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During the Second World War aeronautical technology gathered rapid pace. By 1945, bombers had not only greatly increased in engine power and range, but the bombs which they carried rose from 250lbs to 10 tons; the navigator's pencil and rubber of 1939 had been supplemented by infinitely more sophisticated electronic aids. Yet the success or failure of each and every bomber still depended entirely on the efficiency of every member of the crew at his individual position, the interaction and co-operation of all crew members as a body. One member of 617 squadron graphically explained that 'every time we went out, it was seven men against the Reich'. Drawing on letters, journals and diaries, John Sweetman examines the lives the bomber crews lived, from the highs and lows of their missions to the complexities of their friendships and the impact their place in the war had on the families and loved ones they left behind. Part collective biography, part military history, part social history: this will remain the definitive account of the bomber crews of the Second World War for years to come.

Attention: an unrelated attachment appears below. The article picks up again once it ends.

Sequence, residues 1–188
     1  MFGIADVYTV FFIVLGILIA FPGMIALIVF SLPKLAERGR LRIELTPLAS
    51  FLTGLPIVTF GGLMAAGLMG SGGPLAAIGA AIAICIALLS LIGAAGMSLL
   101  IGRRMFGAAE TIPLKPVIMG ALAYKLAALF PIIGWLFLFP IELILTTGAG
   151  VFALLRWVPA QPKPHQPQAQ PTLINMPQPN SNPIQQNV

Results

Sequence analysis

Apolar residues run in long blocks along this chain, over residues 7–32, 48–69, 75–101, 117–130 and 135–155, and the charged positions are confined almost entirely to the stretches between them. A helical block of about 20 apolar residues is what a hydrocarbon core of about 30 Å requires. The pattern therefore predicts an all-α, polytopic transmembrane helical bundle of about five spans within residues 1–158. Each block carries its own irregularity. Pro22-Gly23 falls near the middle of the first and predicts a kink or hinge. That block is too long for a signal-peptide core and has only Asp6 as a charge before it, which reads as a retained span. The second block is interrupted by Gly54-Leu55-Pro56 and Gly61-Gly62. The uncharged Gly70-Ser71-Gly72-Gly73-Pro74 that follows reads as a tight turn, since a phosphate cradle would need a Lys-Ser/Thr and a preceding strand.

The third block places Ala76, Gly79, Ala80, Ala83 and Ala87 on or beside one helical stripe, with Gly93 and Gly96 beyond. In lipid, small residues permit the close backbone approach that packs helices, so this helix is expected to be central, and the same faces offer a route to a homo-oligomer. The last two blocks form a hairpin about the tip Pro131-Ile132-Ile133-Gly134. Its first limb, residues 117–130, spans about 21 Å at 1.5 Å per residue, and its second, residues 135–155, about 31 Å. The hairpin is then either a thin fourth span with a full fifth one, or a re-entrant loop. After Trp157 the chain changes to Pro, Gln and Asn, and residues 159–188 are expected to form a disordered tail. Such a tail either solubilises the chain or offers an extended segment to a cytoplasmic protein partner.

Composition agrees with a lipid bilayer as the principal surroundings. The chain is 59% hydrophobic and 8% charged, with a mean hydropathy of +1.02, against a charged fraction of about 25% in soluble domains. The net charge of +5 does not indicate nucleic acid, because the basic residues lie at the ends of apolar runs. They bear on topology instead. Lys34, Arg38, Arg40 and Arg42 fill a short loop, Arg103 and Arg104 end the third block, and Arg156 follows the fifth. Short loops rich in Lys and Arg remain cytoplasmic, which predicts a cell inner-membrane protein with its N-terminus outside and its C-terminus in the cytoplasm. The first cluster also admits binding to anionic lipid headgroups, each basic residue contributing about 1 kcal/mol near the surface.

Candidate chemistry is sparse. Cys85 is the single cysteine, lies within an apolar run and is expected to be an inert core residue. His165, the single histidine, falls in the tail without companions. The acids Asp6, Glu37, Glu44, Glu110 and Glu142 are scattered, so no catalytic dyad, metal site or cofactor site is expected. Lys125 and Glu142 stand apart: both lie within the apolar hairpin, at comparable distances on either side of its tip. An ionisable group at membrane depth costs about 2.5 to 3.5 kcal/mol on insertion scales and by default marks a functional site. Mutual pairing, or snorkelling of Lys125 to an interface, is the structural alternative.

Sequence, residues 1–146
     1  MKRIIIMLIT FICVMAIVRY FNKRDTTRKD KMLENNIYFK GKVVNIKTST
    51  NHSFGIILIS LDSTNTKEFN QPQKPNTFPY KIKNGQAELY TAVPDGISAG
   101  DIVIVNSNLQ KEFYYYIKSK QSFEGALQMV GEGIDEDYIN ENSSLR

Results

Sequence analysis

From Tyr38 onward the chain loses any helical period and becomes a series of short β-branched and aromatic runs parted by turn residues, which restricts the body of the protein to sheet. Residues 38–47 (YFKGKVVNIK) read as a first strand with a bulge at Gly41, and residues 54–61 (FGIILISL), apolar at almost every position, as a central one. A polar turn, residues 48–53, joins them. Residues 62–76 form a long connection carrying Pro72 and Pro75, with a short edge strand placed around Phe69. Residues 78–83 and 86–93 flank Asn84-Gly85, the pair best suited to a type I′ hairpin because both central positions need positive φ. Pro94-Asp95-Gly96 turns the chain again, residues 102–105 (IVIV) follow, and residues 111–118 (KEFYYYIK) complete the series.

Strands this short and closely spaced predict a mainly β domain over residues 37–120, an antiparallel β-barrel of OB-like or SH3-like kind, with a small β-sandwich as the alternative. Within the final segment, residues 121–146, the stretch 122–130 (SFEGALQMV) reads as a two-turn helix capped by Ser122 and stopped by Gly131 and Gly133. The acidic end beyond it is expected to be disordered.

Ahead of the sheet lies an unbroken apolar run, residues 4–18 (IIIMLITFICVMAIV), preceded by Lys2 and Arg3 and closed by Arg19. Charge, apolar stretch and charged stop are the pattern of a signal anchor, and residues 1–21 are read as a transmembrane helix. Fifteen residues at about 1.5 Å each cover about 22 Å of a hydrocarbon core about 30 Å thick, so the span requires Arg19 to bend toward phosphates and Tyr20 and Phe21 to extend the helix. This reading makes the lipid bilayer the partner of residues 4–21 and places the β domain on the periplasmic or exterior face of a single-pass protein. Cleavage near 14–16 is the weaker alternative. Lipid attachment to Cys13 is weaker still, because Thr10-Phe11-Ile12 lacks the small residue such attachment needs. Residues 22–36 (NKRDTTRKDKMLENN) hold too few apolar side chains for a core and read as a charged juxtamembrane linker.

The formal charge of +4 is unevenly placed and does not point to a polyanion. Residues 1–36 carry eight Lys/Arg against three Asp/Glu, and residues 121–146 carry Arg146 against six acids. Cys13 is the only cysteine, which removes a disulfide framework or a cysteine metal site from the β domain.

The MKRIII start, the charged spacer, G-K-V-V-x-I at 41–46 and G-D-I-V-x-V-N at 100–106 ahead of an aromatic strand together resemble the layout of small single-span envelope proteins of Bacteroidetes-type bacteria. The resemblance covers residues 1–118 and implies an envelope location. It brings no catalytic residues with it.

Every time an RAF bomber crew flew a mission over Germany it was seven men against the Reich. Seven men committed to keeping their heads down, flying low and going through the endless walls of flak sent up by a vengeful enemy. Through their bravery, teamwork and expertise the Allies were able to strike at the heart of German industrial might. Bomber crews faced enormous daily dangers and were awarded seventeen Victoria Crosses for individual acts of bravery. Inevitably bombers were shot down and the loss of a single aircraft meant the loss of seven airmen, each with family and friends left in mourning. Making use of contemporary diaries, letters, and personal reflections, John Sweetman pieces together the poignant stories of the bomber crews and their families, highlighting the fears and triumphs, loves and losses that defined their war years. It is an account of how ordinary men found the strength to become heroes. (Kirkus UK)
Published: 22nd December 2004
Dimensions (cm): 24.1 x 16.2 x 2.2
Weight (kg): 0.56